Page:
The French, in my view unfairly, are often described as rude. Maybe in the big cities they can be, but that’s big cities all over the world. If, however, you long for the comfort of traditional pigeonholing and rude French people are what you’re after, answer the phone at lunchtime. I’ve been insulted, had my language skills mocked and generally been sneered at by some anonymous phone flunkey who then wants me to stump up 20 grand for solar panelling.

And it is always solar panelling. Well, I’m not answering the phone any more. I don’t need to have that kind of abuse phoned in thank you very much. I have children who adequately fill that role.

Read more of Ian Moore’s musings on life in France and find out more about him

0 comments

Welcome , please leave your message below.

Optional - JPG files only
Optional - MP3 files only
Optional - 3GP, AVI, MOV, MPG or WMV files
Comments

Please log in to leave a comment and share your views with other Complete France visitors.

We enable people to post comments with the aim of encouraging open debate.

Only people who register and sign up to our terms and conditions can post comments. These terms and conditions explain our house rules and legal guidelines.

Comments are not edited by Complete France staff prior to publication but may be automatically filtered.

If you have a complaint about a comment please contact us by clicking on the Report This Comment button next to the comment.

Not a member yet?

Register to create your own unique Complete France account for free.

Signing up is free, quick and easy and offers you the chance to add comments, personalise the site with local information picked just for you, and more.

Sign up now

Article by Living France Living France

More from Living in France

Tue, 13:26

British expat Rosie Hill grows a variety of fruit and vegetables in her Normandy garden that she uses to cook for the family throughout the year

Read more
Expats in France
Tuesday, April 18, 2017

Moving to a new country can be daunting and feel lonely, but follow our tried and tested tips for making new friends in France and your social calendar will soon be packed

Read more
Tuesday, March 28, 2017

Make a note of these French emergency numbers and what to say when you ring them in case you need help while in France

Read more
Friday, January 13, 2017

A step-by-step guide to setting up broadband in your new French property so you can stay connected with friends and family

Read more
Thursday, April 6, 2017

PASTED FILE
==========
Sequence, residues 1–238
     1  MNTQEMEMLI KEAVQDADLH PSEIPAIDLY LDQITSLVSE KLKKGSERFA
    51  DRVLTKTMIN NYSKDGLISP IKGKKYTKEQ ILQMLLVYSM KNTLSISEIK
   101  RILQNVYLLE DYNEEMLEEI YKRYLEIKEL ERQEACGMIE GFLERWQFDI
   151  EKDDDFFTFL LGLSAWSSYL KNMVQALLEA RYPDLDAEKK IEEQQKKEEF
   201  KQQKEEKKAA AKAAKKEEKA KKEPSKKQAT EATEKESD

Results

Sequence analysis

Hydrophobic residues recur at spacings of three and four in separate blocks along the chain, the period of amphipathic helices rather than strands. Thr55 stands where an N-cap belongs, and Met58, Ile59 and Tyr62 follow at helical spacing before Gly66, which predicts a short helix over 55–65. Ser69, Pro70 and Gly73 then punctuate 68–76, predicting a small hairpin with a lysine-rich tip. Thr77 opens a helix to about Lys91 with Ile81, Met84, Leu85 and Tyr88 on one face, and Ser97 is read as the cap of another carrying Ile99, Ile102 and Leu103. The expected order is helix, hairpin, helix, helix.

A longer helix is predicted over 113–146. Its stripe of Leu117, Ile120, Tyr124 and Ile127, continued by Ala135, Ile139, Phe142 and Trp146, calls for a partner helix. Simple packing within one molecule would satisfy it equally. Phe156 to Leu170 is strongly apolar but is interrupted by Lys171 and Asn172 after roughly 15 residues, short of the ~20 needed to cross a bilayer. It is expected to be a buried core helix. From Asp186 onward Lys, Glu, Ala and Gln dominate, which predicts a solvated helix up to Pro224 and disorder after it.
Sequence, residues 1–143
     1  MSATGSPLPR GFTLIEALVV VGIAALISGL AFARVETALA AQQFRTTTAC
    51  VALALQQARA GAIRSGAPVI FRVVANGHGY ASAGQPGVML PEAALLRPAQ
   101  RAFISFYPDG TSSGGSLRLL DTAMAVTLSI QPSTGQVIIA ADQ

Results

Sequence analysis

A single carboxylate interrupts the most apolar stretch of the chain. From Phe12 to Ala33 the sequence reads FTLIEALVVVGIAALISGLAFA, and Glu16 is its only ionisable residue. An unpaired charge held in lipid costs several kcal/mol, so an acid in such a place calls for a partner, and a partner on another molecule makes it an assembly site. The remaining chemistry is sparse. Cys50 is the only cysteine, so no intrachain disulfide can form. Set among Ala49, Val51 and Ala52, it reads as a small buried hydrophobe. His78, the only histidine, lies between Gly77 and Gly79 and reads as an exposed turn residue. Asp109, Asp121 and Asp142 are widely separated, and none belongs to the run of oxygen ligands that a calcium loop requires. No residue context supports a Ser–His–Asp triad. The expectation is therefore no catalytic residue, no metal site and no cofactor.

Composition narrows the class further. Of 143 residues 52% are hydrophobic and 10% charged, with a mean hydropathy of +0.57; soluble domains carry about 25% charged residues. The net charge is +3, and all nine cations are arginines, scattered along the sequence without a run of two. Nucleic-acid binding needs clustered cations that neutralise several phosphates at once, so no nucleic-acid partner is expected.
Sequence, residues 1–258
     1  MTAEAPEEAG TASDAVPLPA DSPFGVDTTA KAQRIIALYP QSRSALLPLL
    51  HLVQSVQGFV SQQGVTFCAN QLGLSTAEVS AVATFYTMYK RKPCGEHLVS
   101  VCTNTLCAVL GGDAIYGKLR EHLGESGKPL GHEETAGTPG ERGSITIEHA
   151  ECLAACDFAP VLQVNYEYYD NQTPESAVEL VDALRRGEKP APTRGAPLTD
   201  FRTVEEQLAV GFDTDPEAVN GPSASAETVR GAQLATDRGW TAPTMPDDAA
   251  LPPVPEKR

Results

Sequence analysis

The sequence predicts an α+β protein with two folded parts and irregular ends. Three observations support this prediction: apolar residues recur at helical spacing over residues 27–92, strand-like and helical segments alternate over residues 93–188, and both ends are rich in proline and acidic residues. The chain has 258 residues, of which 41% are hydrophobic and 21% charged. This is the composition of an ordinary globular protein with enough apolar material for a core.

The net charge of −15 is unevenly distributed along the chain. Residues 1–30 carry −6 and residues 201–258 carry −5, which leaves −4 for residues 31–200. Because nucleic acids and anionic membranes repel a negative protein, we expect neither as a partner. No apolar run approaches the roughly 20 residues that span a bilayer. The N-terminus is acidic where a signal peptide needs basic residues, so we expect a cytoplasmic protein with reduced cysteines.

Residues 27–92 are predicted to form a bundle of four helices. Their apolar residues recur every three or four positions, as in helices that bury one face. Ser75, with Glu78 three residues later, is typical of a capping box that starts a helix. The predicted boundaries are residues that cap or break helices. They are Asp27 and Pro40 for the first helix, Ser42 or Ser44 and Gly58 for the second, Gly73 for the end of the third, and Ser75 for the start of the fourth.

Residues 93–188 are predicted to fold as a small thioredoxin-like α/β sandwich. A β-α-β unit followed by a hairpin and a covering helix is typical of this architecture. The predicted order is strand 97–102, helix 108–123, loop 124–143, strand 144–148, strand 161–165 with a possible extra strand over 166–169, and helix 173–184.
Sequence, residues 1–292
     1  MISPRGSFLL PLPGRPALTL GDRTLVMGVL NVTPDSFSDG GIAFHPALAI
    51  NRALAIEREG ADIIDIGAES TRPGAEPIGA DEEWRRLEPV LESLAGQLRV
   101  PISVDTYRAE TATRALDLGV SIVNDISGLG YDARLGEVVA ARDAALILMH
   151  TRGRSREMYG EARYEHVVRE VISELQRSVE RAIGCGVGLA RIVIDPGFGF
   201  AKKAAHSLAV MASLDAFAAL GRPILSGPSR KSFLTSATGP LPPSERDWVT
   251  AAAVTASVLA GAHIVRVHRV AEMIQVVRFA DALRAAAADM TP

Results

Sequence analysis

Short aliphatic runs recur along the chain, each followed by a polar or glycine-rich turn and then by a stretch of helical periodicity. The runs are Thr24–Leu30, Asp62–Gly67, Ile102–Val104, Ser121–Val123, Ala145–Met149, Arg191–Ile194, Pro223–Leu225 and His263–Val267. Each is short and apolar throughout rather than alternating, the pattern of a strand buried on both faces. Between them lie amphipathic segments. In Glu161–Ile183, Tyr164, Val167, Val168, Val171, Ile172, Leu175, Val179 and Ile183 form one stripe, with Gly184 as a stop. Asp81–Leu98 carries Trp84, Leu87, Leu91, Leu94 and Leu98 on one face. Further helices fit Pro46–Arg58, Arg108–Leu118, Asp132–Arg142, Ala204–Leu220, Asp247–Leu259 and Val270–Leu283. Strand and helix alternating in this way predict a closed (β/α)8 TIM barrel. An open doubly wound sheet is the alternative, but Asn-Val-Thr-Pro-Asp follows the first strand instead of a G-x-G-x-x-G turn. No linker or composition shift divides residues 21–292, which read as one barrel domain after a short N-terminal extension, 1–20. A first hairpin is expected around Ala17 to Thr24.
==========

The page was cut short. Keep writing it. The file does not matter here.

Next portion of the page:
The competition for holiday lets in France is high. Donna Sloane from French Connection shares her tips on how to add value to your holiday let and maximise your income

Read more
Running a business
Tuesday, April 4, 2017

From running a B&B or gîte to renting out your land or even listing your home as a location for filming, there are plenty of ways you can make money from your French property

Read more
Running a business
Mon, 16:59

A new law means that those transferring a UK pension abroad could now face a 25% tax, so what options are there for those looking to take their UK pension abroad?

Read more
Monday, March 20, 2017

Retirement in France can be idyllic but make sure you plan ahead and take the necessary legal steps to ensure you can relax and enjoy your golden years in France

Read more
Tuesday, March 14, 2017

Finding the right mutuelle (top-up health insurance) in France can be enough to make you feel ill. But considering these points will help you make the right choice

Read more
Wednesday, February 8, 2017

The French healthcare system is considered one of the best examples of universal care at affordable rates – but how does the mutuelle work?

Read more

Newsletter Sign Up

Sign up to the following newsletters:

Sign up to receive our regular email newsletter

France Forum

Questions about France? Visit our free France forum to get help and advice from thousands of other Francophiles and expats. Topics include: property, tax, law, travelling, pets, education, healthcare and much more.

Join the forum

Most Read

Join us on social media

France magazine
Living France magazine
French Property News magazine

Enter our competitions

Win books, DVDs, travel and even holidays in France in our great competitions! Take a look at our latest competitions…

Enter now